Posts Tagged ‘poetry’

Several years ago, in order to illustrate Monica Brown’s Pablo Neruda: Poet of the People (Henry Holt, 2011), Julie Paschkis immersed herself in Neruda’s poetry and took Spanish language classes.

She fell in love with Spanish, its sounds and structure. Already a lover of words, she found these new words both interesting and fascinating, so much so, that she incorporated them in her paintings to stunning effect. She had created her own brand of visual poetry inspired by Neruda’s words.

Her love affair with the language didn’t end with that book. As one thing can sometimes beautifully lead to another, Julie discovered that her unfamiliarity with Spanish freed her to write poetry. The fourteen free verse animal poems in Flutter & Hum/Aleteo y Zumbido (Henry Holt, 2015) were first written in Spanish, then translated by Julie into English. And as she did with the Neruda book, she added words inspired by the poems to her illustrations.

In this exquisite tapestry of three languages — Spanish, English, and Art — we are treated to Julie’s charming insights and observations of creatures inhabiting land, sea and air, inviting us to appreciate them in new and surprising ways. Did you ever wonder what a turtle might be hiding in her shell?

(click to enlarge)


The turtle hides
in her shell.
But maybe there is space,
a place
for hidden treasure.
Just for pleasure
she could put an emerald
and a ruby or two

When she walks
she listens to the rattle of the gemstones.
That is why she goes so slowly —
she doesn’t want to spill
her secrets.



La tortuga se esconde
en su caparazón.
Tal vez hay un vacío,
un espacio
para un tesoro escondido.
Sólo por gusto
la tortuga podría meter
una esmeralda y unos rubís

Cuando anda
escucha el traqueteo del tesoro.
Por eso ella anda lentamente —
para no deja caer
sus secretos.

And the snake? He writes “a slippery poem/with his body . . . He only knows one letter: ssssssssss.” There’s also a whale that dances “In a dazzle of bubbles.” Sheer delight!

The poems vary in mood from playful (a dog’s wagging tail “fans wild happiness/into the wild world”) to peaceful and evocative (“Out of the darkness/an owl hoots./An echo./The night train/is leaving”) to ethereal (“I am a fish in the sea of dreams”).

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I really love the CAT:

Fat cat
naps on a map.
When she gets up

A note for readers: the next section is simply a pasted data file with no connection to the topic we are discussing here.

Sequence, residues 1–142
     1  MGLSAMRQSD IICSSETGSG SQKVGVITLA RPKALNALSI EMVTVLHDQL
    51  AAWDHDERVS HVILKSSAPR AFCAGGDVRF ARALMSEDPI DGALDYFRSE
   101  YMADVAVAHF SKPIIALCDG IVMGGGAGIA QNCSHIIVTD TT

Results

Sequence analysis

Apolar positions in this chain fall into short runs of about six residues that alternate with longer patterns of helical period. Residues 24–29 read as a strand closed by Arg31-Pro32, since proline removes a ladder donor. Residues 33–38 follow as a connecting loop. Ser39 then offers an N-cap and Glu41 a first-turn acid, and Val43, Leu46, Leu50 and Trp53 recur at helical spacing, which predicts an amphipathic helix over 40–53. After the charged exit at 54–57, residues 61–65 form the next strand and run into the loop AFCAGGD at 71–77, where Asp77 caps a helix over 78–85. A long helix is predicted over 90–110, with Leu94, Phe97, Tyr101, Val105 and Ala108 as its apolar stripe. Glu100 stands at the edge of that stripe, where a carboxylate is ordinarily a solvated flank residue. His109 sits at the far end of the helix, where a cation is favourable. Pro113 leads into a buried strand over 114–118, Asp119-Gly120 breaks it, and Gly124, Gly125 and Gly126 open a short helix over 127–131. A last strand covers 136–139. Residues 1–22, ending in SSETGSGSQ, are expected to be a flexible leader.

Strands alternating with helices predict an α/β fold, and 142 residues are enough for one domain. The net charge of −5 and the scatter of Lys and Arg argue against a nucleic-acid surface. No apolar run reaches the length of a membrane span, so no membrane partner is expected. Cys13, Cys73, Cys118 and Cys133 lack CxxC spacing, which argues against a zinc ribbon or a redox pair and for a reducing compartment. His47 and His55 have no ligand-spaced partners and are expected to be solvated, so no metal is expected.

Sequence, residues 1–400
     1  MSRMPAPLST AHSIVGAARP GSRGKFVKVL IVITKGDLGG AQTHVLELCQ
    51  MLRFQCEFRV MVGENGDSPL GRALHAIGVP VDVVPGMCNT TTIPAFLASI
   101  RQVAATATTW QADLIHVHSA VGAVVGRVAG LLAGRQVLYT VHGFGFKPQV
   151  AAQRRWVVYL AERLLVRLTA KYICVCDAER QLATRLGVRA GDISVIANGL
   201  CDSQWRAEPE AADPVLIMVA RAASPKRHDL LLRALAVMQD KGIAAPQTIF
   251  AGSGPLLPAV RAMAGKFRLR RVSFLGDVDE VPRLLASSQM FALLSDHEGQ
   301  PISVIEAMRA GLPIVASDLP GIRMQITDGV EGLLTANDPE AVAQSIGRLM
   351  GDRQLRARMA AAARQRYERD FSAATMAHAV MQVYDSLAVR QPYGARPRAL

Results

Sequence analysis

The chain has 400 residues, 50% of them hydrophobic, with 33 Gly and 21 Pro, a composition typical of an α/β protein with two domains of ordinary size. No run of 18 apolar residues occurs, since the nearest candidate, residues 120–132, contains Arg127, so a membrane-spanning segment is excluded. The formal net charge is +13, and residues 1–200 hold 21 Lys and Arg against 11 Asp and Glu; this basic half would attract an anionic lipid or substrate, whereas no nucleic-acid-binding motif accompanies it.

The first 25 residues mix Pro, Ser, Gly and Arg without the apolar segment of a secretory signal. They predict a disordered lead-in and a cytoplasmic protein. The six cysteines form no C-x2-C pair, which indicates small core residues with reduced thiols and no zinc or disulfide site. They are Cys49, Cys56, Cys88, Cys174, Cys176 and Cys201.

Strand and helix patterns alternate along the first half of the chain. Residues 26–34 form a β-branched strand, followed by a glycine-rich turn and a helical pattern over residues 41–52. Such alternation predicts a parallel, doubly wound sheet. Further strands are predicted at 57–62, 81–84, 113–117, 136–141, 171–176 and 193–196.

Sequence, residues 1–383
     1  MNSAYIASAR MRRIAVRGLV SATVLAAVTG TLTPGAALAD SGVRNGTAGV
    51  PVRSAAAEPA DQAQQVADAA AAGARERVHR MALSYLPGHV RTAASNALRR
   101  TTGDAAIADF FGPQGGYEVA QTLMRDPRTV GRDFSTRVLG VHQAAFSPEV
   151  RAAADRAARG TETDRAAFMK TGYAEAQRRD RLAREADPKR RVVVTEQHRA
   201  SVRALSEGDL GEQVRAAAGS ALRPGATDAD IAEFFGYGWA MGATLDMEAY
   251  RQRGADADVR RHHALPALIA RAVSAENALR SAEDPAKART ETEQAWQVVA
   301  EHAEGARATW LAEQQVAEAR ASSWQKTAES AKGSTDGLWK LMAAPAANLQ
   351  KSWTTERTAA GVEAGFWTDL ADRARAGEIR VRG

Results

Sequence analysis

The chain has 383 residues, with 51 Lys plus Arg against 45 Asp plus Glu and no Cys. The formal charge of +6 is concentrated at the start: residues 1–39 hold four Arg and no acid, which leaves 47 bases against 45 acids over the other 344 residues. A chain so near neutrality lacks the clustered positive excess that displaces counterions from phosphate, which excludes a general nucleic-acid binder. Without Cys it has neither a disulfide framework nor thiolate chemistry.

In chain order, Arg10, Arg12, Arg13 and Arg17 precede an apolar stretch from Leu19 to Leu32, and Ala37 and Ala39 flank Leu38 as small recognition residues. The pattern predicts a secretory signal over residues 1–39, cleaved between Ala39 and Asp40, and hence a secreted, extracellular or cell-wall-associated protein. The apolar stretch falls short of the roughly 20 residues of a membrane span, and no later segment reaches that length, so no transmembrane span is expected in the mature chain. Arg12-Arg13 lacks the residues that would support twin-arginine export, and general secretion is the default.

s  h  e     s  t  r  e  t  c  h  e  s
from Arequipa to Zanzibar
and her belly bumps  Topolobampo.
Elastic cat.



La gata gorda
se duerme en un mapa.
Cuando se levanta
s e    e s t i r a
desde Arequipa hasta Zanzibar
y su barriga choca contra  Topolobampo.
La gata elástica.

Isn’t ‘Topolobampo’ the best word ever? Even if we didn’t know it’s a city in Mexico, we get a good sense of how the cat’s moving in that winsome alliterative line, so much fun to read aloud. Flutter and Hum truly celebrates words, languages, and instinctual creative expression. It certainly contributes to our appreciation of how and where poems might emerge, and it’s fun to imagine Julie playing with both Spanish and English and exploring some of the magical places in between.

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As someone who loves hand lettering, I fairly swooned over Julie’s gorgeous paintings. As words slither on long blades of grass, swirl in the ripples of pond water, ride atop the backs of crows (“crass/brash,” “craven/crooked,” “brujo/brusco”), float in clouds, adorn both halves of a juicy strawberry (“fresh, blush, ripe, giddy, gozo, julio, frivolo”), and stream in dark ocean waves (“nightfall, fill, flow, flung, luna, lustra, bunco, oscuro”), we hear these juicy words spark and sing, bask in their collective serenade, feel the heart quicken. Her careful choice of words, as well as how they are paired or juxtaposed, creates a new energy, another poetic revelation.

Readers will also enjoy the little touches of humor: the parrot is “cheery, cheeky, beaky,” the whale, “buoyant”/”oh boy,” and that irresistible cat,  “now/then,” “here/there.” Surprise gifts in the fine details, a veritable feast of words. Perfecto!

I know you’ll enjoy hearing more from Julie herself, and we thank her for visiting today, and for creating this treasure of a book. Perhaps the turtle should stash a copy in her shell? :)


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The Alphabet Soup Mini Library is now open.

Please help yourself to a yummy fig bar book compliments of the Teddy Town Bears. They made them especially for you to celebrate the recent release of Jumping Off Library Shelves (Wordsong, 2015), a very cool collection of 15 poems selected by master anthologist, author, poet, editor, educator and eternal hotTEA Lee Bennett Hopkins.

Two words make me instantly happy: LOVE and LIBRARY. They’re kind of synonymous in my mind, and truly, could any of us thrive without either one?

Wahiawa Library front entrance.

The public library in my small country hometown of Wahiawa, Hawai’i, was my safe haven while growing up — a true home away from home where I discovered the likes of Laura Ingalls Wilder, Lois Lenski, Louisa May Alcott, Frances Hodgson Burnett, Beverly Cleary, Eleanor Estes, and Sydney Taylor. It was a quiet place to think, read, dream, wonder, learn and imagine – a place where I could travel new roads, discover new worlds within the pages of a favorite book, the place where it first occurred to me that anything can happen, anything is possible.

Wahiawa Library Children’s Section

The poems in Jumping Off Library Shelves joyously celebrate the singular experiences that make any library a magical place, from the breathless anticipation of first entering “the sweet kingdom of story,” to getting one’s first library card, to cozily snuggling up with a good story, to basking in the power and privilege of choosing books and being transported and transformed. Who would not thrill at the prospect of so much knowledge, so many good stories right there for the taking?


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Slip into your silks and satins, your high powdered poufs, your diamonds and tulle. Rouge your cheeks, flutter your fans. Today, a deliciously decadent slice of Marie Antoinette courtesy of Northern New York-based poet Christie Grimes.